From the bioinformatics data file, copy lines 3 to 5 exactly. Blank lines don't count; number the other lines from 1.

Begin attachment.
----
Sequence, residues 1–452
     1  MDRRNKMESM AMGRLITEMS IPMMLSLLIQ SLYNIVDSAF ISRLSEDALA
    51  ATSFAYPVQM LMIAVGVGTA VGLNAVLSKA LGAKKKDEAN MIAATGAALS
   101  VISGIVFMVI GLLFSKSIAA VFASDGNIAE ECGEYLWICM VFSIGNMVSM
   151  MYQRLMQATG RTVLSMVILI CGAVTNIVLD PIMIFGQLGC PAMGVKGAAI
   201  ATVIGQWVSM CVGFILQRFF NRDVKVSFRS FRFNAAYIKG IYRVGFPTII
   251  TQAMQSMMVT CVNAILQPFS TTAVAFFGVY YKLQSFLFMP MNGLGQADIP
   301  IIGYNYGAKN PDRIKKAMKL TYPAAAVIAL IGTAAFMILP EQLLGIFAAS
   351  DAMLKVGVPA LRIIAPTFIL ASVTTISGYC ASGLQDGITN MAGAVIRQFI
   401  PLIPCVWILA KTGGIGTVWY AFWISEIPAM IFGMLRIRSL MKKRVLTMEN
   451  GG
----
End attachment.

    51  ATSFAYPVQM LMIAVGVGTA VGLNAVLSKA LGAKKKDEAN MIAATGAALS
   101  VISGIVFMVI GLLFSKSIAA VFASDGNIAE ECGEYLWICM VFSIGNMVSM
   151  MYQRLMQATG RTVLSMVILI CGAVTNIVLD PIMIFGQLGC PAMGVKGAAI